Election campaign in Australia marked by inflation, China

By Rocio Otoya

Sydney, Australia, May 17 (EFE).- The Australian election campaign moves into its final phase ahead of Saturday’s elections, with the opposition Labor Party leading the pre-poll surveys, amid issues such as a steep rise in the cost of living and difficult relations with China, its biggest trading partner.

Current Prime Minister Scott Morrison, who heads the ruling coalition, suffers from a significant loss of image, especially amid stifling inflation that contradicts his claim of being a good manager of the economy.

On Tuesday, Morrison, who took office in 2018, reiterated the “strength” of the Australian economy since his party regained power in 2013 during an address in the northern city of Darwin.

Hoping to repeat the electoral victory of 2019, Morrison continues with an intense campaign focused on good economic management due to which Australia, unlike other nations, suffered only a brief recession during the Covid-19 pandemic.

But the coalition campaign has been faltering against an inflation of 5.1 percent, the highest in two decades, soaring prices of fuel, food, and mortgage due to rising interest rates, while wages remain stagnant.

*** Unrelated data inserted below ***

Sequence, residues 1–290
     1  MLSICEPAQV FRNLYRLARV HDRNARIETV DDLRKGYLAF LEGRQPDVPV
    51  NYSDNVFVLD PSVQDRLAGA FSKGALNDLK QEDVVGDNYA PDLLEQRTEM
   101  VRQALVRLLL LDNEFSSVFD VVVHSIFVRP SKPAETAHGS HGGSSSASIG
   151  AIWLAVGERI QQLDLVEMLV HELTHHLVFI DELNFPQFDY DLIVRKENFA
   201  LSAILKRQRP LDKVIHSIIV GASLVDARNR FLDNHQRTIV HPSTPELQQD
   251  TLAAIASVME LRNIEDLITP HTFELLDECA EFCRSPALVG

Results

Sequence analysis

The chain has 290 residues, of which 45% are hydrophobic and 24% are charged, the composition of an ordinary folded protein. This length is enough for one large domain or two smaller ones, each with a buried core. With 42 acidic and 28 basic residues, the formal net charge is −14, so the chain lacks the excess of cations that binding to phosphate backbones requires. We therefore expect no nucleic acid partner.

Added to this are the criticisms of the government’s management of the situation during successive natural disasters, climate change policies and the looming threat of China’s military expansion in the Indo-Pacific region, following Beijing’s signing of a security pact with the Solomon Islands last month.

Home Minister Karen Andrews went so far as to suggest that Beijing sought to influence the elections by announcing this security in April, which raised fears that China would establish a military base in the little Pacific nation, which is Australia’s traditional ally.

Gender issues, which came to the forefront of politics after a Liberal Party adviser denounced that she was raped in 2019 by a former parliamentary colleague, have also been present in the campaign.

The prime minister, who was accused of not acting on the matter, has once again been criticized for defending the Liberal candidate Katherine Deves, who claimed earlier this month that transsexual minors are surgically mutilated and sterilized.

“Morrison is clearly worn down,” Ferran Martinez i Coma, an academic at Griffith University in Queensland, told EFE, adding that the coalition “has not done its homework or has not been able to do it” regarding “the treatment of women, the lack of decisive action on climate change and the issue of integrity and hence corruption.”

On the other hand, Labor party leader Anthony Albanese has not only focused on his social agenda, but also focused on changing Australia’s climate-change policies, given that it is one of the world’s biggest polluters.

Labor is also betting on a new diplomatic approach to the frozen relations with Beijing, with whom Canberra has been having diplomatic frictions for years despite being its main trading partner.

The latest pre-poll surveys give the Labor party a slight edge, and open the possibility to a minority government, as neither of the two main political forces are projected to win a majority of 76 seats in the 151-member parliament, and will require the support of smaller parties. EFE


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